Longtime Verizon smartphone users took comfort in the $30 monthly charge for unlimited data. All of that is set to end on July 7 with the introduction of tiered data packages.
In a statement obtained by droid-life.com, Verizon has overhauled its pricing scheme with three new data tiers - 2GB, 5GB, and 10GB - with monthly rates of $30, $50, and $80 respectively. These prices apply to both 3G and 4G phone owners.
There is a separate tiered pricing scheme for those who want tethering. These packages tack on an extra 2GB and $20 to each basic data package. The options are 4GB, 7GB, and 12GB with monthly rates of $50, $70, and $100 respectively.
The penalty for exceeding the data cap is $10 per 1 GB. It used to be $1.99 per Mbyte. Times have changed.
Whenever there's a major release of Android, Google likes to partner with a manufacturer on the release of a reference device for the platform, and it looks like the Nexus 4G may be that device for Android 4.0 Ice Cream Sandwich when it ships later this year. We aren't totally sure that Nexus 4G will be the name of the device, but it will be the fourth-generation Nexus phone that Google fills to the brim with all sorts of goodness. What can we expect from this one? Well, how about a 720p display for starters, with a dual-core 1.2 GHz or 1.5 GHz Snapdragon processor? 4G LTE support point to this one being a Verizon Wireless device (althought it may also launch as the first AT&T 4G LTE device,) and things are rounded out by 1 GB RAM, 1080p video recording, 5 megapixel rear camera, 1 megapixel front camera, and Android 4.0 Ice Cream Sandwich goodness, all in an ultra-thin package.
Yeah, we know how good this sounds. Just remember, it's a rumor for now, and if it comes to fruition, don't expect to see it until around the September timeframe, right in line with the iPhone 5.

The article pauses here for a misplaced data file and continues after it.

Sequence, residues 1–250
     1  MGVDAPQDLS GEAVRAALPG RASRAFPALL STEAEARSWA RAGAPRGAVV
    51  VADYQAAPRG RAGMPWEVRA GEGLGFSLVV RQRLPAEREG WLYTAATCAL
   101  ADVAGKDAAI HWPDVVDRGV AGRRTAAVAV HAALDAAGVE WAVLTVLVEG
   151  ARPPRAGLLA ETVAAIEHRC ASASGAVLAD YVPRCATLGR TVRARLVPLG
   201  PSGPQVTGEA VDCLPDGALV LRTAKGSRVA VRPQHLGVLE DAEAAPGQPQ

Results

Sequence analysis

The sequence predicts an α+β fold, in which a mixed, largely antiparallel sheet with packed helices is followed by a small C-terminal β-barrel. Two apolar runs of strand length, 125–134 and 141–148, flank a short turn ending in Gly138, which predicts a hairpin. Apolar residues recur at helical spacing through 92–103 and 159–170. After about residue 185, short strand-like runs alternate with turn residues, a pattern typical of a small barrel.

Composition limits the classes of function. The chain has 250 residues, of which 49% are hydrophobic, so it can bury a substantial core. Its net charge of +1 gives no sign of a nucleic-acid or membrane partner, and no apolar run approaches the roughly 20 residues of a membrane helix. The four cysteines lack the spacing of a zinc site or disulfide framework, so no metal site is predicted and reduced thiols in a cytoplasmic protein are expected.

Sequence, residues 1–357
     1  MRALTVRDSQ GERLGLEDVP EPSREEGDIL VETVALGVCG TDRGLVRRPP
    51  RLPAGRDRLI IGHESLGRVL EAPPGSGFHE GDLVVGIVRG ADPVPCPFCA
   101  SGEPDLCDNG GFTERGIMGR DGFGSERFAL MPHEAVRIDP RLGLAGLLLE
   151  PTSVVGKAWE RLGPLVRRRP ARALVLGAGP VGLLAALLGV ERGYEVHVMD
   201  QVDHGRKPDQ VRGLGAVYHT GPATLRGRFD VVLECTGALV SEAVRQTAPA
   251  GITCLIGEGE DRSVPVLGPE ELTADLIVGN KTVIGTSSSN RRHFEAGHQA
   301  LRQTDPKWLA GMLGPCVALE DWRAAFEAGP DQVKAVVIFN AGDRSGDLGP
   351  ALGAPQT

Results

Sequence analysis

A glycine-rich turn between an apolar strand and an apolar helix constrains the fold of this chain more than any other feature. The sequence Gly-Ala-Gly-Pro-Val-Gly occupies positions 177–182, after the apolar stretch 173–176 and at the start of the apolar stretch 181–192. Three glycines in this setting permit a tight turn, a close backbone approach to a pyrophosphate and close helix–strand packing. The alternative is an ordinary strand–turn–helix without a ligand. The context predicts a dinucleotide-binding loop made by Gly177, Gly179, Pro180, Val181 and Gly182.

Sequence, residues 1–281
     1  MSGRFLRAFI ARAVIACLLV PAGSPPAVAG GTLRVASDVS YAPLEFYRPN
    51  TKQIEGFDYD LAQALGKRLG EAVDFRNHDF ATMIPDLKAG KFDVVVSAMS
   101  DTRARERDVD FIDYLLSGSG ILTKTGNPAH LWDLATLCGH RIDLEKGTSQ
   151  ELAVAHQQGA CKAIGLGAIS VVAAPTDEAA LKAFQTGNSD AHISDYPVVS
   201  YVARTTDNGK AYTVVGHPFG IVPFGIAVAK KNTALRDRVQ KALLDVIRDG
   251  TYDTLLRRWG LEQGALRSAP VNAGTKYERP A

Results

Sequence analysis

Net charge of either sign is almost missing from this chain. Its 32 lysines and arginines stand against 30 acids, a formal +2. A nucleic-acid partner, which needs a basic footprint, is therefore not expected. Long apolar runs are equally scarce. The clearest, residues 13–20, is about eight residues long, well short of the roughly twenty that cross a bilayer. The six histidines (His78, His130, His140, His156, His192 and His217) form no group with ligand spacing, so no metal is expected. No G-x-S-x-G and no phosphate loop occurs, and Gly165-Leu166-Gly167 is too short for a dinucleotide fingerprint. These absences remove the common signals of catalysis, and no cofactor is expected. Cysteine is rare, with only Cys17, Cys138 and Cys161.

Read More | BGR
Yesterday we told you that Apple started selling unlocked iPhone 4s here in the U.S. We do have to admit that the move leaves us scratching our heads a bit. The iPhone 4 is a year-old device at this point. That leaves the question: why?
The GSM iPhone 4 only works well on AT&T. Sure, you can run it on 2G EDGE with T-Mobile, but that's a lousy user experience, and Apple is all about providing smooth user experiences. I just can't accept that T-Mobile users want the iPhone so desperately that they're willing to give up 3G for it, although I may be wrong about that, too.
Boy Genius Report's Jon Geller is right when he says that Apple sells unlocked iPhones in 85 other countries. But those countries all have more than one GSM iPhone-compatible 3G carrier. Canada has three. Dave Zatz points out this morning that for Americans, the "unlocked" iPhone will cost $450 more over two years than the locked model, because AT&T doesn't give any discounts for bringing your own phone. That's "an extra $450 mostly for the privilege of feeling more liberated and fancy free," he concludes.